Home Cargo Shell’s 34,000t North Sea-bound Penguins FPSO Leaves Chinese Shipyard

Shell’s 34,000t North Sea-bound Penguins FPSO Leaves Chinese Shipyard

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Shell’s Penguins FPSO has set sail from China loaded aboard Boskalis’ White Marlin semi-submersible heavy transportation vessel.

In a social media post on Thursday, Boskalis said: “Boskalis’ semi-submersible transport vessel White Marlin departed from Qingdao, China with an impressive cargo; the 34,000-ton cylinder-shaped Shell Penguins FPSO. After a smooth and safe float-on and [seafastening] campaign, the vessel started her journey to Norway.”

At the time of writing, the White Marlin was sailing past the east coast of Taiwan, en route to Singapore, according to MarineTraffic.com information.

The cylindrical FPSO, designed by Sevan Marine, was ordered by Shell from Fluor in 2018.

Following a stop in Norway, the FPSO will then be moved to the area northeast of the Shetland Islands and be used for the Penguins offshore field redevelopment.

Chinese Offshore Oil Engineering Co., Ltd. company in Qingdao, built the cylindrical FPSO, which is 118 meters tall.

In January 2018, Shell made a decision to redevelop the Penguins field in the northern North Sea, authorizing the start of the FPSO construction.

The company said at the time that the FPSO would have a peak production of around 45,000 boe/d.

The redevelopment of the field, connected to the Brent Charlie platform, is required as the Brent Charlie platform is planned to be decommissioned.

Shell said in 2018 that the Penguins redevelopment would see an additional eight wells drilled, which will be tied back to the new FPSO vessel, with a storage capacity of 400000 barrels.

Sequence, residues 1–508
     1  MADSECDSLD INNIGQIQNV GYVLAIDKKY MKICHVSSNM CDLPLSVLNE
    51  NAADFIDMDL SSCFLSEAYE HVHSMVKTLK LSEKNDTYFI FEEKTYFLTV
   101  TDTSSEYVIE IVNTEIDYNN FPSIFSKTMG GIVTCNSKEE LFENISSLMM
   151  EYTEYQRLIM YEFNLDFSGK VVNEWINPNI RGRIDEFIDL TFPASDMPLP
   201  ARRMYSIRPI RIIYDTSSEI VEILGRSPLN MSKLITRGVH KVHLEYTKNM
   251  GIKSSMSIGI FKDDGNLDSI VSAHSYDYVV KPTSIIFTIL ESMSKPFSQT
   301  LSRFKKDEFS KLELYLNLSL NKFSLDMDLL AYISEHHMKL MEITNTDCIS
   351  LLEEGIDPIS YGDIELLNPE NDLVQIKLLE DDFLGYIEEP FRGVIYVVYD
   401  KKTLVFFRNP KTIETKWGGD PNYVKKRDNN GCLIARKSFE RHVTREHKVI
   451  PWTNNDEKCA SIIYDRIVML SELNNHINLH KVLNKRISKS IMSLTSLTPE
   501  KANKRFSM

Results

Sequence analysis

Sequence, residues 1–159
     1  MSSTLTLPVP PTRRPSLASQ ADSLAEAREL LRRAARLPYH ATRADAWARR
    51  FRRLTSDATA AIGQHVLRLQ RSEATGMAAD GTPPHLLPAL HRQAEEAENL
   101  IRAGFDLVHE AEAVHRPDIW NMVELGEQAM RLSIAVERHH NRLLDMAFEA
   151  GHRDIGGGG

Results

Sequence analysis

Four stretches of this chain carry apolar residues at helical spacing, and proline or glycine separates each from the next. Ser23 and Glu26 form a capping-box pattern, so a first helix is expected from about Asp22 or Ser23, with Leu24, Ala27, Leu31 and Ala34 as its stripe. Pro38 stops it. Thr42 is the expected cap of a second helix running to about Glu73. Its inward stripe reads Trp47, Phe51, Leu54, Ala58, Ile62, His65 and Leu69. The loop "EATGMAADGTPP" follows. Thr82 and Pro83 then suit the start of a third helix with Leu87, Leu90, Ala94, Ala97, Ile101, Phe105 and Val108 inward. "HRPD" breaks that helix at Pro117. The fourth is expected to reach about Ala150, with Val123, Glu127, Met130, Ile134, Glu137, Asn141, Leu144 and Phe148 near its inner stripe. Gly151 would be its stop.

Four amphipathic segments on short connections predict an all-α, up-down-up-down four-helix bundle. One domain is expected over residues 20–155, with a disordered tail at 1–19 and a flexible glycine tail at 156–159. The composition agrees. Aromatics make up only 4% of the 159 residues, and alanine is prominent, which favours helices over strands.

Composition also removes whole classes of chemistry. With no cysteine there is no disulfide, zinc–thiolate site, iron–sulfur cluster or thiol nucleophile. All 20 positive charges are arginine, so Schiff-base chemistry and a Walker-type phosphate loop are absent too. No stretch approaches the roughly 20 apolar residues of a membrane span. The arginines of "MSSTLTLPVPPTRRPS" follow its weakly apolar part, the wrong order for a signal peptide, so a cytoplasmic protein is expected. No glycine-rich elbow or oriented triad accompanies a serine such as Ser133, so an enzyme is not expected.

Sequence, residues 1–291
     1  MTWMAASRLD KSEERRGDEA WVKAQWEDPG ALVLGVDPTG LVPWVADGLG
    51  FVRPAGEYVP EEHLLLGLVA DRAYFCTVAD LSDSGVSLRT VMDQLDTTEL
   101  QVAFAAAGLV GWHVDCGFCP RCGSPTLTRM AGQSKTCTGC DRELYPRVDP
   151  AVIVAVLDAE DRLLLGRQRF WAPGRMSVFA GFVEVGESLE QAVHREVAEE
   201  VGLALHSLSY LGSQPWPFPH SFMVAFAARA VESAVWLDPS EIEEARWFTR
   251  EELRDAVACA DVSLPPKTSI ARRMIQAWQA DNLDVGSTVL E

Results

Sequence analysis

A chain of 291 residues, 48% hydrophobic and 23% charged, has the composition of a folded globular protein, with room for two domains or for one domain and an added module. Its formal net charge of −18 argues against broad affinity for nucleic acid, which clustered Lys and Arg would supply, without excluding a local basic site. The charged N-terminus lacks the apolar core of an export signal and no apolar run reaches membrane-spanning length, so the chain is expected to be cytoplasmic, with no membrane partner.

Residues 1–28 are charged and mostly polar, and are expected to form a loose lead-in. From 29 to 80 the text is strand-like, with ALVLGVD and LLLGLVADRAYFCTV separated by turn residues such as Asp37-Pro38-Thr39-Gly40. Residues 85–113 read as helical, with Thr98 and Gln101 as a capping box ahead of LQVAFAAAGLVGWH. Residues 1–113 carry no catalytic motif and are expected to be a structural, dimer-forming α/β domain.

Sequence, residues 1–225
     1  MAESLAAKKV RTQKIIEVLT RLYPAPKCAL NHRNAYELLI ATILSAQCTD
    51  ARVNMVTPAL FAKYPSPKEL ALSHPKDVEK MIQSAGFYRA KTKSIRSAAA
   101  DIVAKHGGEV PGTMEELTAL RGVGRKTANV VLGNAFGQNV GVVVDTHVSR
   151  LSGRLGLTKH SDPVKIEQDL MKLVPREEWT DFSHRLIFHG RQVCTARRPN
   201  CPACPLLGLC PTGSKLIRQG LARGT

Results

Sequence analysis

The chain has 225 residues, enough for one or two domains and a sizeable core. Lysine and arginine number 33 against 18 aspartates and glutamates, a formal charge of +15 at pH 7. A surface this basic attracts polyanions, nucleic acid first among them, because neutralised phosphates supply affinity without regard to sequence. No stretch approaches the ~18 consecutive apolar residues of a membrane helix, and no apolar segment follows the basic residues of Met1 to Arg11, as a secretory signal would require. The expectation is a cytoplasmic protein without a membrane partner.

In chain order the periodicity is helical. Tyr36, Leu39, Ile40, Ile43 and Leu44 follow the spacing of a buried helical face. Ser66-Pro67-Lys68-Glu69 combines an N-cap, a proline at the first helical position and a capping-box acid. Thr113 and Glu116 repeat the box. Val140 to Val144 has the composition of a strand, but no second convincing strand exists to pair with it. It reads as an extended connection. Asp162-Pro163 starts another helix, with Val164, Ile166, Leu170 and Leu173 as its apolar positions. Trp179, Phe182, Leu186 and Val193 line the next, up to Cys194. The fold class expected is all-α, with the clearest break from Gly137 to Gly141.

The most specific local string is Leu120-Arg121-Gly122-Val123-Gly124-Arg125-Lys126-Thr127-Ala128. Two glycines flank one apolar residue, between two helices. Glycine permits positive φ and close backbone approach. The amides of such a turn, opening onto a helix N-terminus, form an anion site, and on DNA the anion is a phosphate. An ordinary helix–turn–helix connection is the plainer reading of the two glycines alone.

Natural gas will be exported through the tie-in of existing subsea facilities and additional pipeline infrastructure.

The Penguins field is in 165 meters (541 feet) of water, approximately 150 miles northeast of the Shetland Islands. Discovered in 1974, the field was first developed in 2002.

Shell and its partner Exxon in 2018 opted for the cylindrical Sevan 400 FPSO design. Oil will be transported via tanker to refineries, and gas will be transported via the FLAGS pipeline to the St Fergus gas terminal in north-east Scotland. The FPSO is designed to operate continuously for 20 years without dry docking.

Good news for Magnora

The launch of the FPSO is good news for the Oslo-listed company Magnora, too.

Magnora, formerly known as Sevan Marine, was formed in 2018 following Sembcorp Marine’s acquisition of all of Sevan Marine’s intellectual property and proprietary business, and 95% of shares of HiLoad LNG AS for $39 million.

Sevan Marine was famous for the cylindrical rig and FPSO designs it provided for the offshore oil and gas industry.

Magnora, an “heir” of Sevan Marine, inherited Sevan Marine’s revenue-sharing deals related to two UK North Sea field developments using its cylindrical FPSO design, Dana Petroleum’s Western Isles, and Shell’s Penguins field.

In a statement this week, Magnora said the remaining payments from the “Penguins” license contract was $16.12 million in total and would be paid over three separate milestones to Magnora ASA.

“We are pleased to announce that the first milestone that occurs upon “Exit Shipyard” has been met and that $7.5 will be paid to Magnora shortly,” Magnora said earlier this week.

The remaining milestones are upon first oil which triggers a payment of $4.3125 million and upon a reached production target of 4m barrels of oil which triggers another $4.3125 million.

While receiving cash from what it calls a ‘legacy’ oil business Magnora is these days focused on the renewables.

Torstein Sanness, Executive Chairman of Magnora ASA said: “We are pleased that this important milestone (“Exit Shipyard”) has been reached for our important legacy contract. Furthermore, our new business within renewables have achieved great success within the project development market. So far, Magnora has developed a portfolio of above 3.300 MW of renewable projects across solar, battery storage, wind, and offshore wind in the Nordics, UK and South Africa.

“Our solar project business has already contributed to our business with its first dividend to Magnora in Q3 this year less than 18 months after our first investment. Magnora is actively exploring and developing for a profitable a green, sustainable, low-emission future.”


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